Federal Farm Promotion (“Check-off”) Programs Page: 3 of 6
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Even as new check-offs are being considered, some producers are vigorously
challenging existing programs. These critics contend that the check-off is a "tax" to fund
activities they would not pay for voluntarily. Numerous producer lawsuits have
questioned the constitutionality of generic check-off programs. Two cases have reached
the U.S. Supreme Court, with quite different results.
In Glickman v. Wileman Brothers and Elliot, Inc., California peach and nectarine
handlers challenged the USDA marketing order, which is not only a promotion program
but also sets quality standards and other marketing rules for those fruits (see footnote on
page 1). The 9th Circuit Court of Appeals had held that the order mandating the
assessments violated the affected parties' First Amendment rights and therefore was
unconstitutional. The Circuit Court stated that such generic advertising had not been
proven necessary or more successful than individual advertising, and also, in effect,
violated the free speech of growers who would prefer to use their money to advertise in
other ways. The government appealed the case to the Supreme Court, which on June 25,
1997, reversed, by a 5-4 vote, the lower court's ruling. It found that the program "should
enjoy the same strong presumption of validity that we accord to other policy judgments
made by Congress. The mere fact that one or more producers 'do not wish to foster'
generic advertising of their product is not a sufficient reason for overriding the judgment
of the majority of market participants, bureaucrats, and legislators who have concluded
that such programs are beneficial."3
However, on June 25, 2001, the Supreme Court, in United States v. United Foods,
Inc., ruled, by a 6-3 vote, that mandatory assessments for the mushroom check-off were
a violation of the First Amendment and therefore are unconstitutional because they force
producers to pay for commercial speech. Upholding a decision by the 6th Circuit Court
of Appeals, the Supreme Court reasoned that the program authorized by the Mushroom
Promotion Act differs fundamentally from that under Glickman. The court said that the
mushroom check-off is a stand-alone program that is not part of a broader regulatory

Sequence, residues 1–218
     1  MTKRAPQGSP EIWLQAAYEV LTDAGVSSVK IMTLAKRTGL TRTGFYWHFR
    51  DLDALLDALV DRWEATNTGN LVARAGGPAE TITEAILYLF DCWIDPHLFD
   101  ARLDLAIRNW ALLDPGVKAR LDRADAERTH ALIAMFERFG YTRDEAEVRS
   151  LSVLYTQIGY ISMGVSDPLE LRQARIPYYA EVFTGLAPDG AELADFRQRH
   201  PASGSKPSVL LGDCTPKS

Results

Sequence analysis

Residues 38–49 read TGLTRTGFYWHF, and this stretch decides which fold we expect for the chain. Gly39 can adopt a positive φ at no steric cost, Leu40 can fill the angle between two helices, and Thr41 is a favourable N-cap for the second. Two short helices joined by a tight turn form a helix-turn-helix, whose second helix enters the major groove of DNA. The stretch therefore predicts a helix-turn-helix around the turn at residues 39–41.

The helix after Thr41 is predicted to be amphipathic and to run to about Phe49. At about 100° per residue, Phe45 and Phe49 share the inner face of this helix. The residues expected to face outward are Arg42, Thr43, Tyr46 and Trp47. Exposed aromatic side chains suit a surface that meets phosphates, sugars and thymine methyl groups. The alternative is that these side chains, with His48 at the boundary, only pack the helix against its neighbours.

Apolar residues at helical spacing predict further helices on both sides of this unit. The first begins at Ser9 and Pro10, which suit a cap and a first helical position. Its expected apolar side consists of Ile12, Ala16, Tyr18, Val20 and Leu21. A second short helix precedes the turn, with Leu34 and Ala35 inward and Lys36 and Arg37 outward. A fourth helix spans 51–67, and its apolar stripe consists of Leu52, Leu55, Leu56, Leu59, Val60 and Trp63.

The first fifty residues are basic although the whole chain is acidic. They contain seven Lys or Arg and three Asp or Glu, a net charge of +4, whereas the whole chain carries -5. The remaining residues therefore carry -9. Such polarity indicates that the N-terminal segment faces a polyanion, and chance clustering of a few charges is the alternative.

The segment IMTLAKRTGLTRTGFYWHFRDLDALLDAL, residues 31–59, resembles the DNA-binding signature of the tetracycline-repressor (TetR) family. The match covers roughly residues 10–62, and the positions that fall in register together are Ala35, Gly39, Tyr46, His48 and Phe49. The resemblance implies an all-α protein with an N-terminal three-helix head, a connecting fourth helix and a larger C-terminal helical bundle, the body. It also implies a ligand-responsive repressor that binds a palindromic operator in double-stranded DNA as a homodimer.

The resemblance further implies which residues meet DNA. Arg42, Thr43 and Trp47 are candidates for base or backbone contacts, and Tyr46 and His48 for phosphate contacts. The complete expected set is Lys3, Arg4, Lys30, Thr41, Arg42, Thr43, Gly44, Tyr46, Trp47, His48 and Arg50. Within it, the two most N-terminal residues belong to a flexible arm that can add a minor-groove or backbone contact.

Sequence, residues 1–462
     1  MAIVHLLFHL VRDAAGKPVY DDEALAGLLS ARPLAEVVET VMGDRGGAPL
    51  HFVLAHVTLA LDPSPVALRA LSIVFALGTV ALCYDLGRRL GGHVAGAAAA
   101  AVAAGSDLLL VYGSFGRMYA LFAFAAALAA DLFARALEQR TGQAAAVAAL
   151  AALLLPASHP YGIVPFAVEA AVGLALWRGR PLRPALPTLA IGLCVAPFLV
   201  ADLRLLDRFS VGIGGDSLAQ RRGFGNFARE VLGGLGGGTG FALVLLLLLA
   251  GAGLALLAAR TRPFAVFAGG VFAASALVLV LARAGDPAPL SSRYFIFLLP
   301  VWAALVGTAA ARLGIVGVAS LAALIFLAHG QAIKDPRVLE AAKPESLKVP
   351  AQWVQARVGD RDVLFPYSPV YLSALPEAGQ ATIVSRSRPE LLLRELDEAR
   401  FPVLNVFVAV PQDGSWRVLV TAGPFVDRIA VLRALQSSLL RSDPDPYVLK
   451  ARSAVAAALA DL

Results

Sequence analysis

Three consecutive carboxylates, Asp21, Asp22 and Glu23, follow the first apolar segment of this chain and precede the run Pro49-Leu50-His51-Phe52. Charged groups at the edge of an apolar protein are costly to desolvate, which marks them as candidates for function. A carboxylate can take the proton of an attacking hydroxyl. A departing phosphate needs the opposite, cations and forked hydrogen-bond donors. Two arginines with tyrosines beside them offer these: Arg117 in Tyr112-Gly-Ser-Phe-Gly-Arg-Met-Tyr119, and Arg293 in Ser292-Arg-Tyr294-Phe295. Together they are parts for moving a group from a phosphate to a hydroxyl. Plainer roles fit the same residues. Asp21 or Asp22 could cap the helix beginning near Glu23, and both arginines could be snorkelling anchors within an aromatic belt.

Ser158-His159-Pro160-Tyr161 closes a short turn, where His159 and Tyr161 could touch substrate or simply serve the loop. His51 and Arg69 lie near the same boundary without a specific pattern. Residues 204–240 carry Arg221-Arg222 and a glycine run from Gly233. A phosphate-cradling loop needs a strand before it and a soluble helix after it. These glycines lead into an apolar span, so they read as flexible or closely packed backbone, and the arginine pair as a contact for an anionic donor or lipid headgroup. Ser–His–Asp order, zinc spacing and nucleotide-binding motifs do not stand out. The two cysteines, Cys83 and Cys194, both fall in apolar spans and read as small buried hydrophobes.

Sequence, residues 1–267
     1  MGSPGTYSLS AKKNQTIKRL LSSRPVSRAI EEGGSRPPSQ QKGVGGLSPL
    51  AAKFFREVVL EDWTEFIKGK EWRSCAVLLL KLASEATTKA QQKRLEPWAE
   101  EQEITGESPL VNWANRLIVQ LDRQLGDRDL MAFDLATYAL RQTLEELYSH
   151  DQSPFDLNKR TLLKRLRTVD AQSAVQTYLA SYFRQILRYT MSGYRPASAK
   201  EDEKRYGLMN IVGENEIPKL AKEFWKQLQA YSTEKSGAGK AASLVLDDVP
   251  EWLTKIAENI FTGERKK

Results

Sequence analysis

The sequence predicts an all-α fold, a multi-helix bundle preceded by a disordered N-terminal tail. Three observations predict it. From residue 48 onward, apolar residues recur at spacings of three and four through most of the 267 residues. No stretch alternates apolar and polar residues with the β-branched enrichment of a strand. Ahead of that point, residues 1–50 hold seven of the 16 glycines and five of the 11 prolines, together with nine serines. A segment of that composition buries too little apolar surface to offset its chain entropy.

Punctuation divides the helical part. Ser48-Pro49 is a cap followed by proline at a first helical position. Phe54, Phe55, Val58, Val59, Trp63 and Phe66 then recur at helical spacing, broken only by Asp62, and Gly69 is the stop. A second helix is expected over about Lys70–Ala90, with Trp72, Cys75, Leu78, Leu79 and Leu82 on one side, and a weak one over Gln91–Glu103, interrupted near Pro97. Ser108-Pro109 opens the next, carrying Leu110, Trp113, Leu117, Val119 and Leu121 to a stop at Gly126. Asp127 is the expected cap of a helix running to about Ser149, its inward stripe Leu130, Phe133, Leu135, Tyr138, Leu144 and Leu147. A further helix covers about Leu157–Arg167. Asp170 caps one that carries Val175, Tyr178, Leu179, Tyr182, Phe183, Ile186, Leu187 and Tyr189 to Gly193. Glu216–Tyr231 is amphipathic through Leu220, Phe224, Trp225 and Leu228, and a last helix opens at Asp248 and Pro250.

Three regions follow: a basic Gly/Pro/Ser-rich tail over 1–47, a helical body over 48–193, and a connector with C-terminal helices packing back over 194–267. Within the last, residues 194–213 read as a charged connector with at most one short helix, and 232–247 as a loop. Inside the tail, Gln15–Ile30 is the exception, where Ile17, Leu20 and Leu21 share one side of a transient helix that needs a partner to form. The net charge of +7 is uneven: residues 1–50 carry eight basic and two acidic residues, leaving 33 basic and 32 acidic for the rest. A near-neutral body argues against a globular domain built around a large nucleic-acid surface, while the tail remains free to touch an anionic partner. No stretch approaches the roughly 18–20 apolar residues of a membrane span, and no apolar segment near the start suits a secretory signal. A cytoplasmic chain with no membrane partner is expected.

scheme, as was the marketing order for peaches and nectarines.
In Glickman the mandated assessments for speech were ancillary to a more
comprehensive program restricting marketing autonomy. Here, for all practical
purposes, the advertising itself, far from being ancillary, is the principal object of the
regulatory scheme...Beyond the collection and disbursement of advertising funds there
are no marketing orders that regulate how mushrooms may be produced and sold, no
exemption from the antitrust laws, and nothing preventing individual producers from
making their own marketing decisions.4
Legal experts who have studied the two cases generally agree that the stand-alone
check-offs - i.e., those covered in this report - are more likely to be vulnerable to
challenges than the promotion activities that are part of a marketing order authorized by
the Agricultural Marketing Agreement Act of 1937. However, these experts also
conclude that the Supreme Court did not specifically prescribe what level of regulation
3 Glickman v. Wileman Bros. & Elliot, Inc. 521 U.S. 457, 477 (1997).
4 United States v. United Foods, Inc. 533 U.S. 405, 412 (2001).
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Federal Farm Promotion (“Check-off”) Programs, report, July 11, 2002; Washington D.C.. (digital.library.unt.edu/ark:/67531/metadc810307/m1/3/: accessed October 19, 2018), University of North Texas Libraries, Digital Library, digital.library.unt.edu; crediting UNT Libraries Government Documents Department.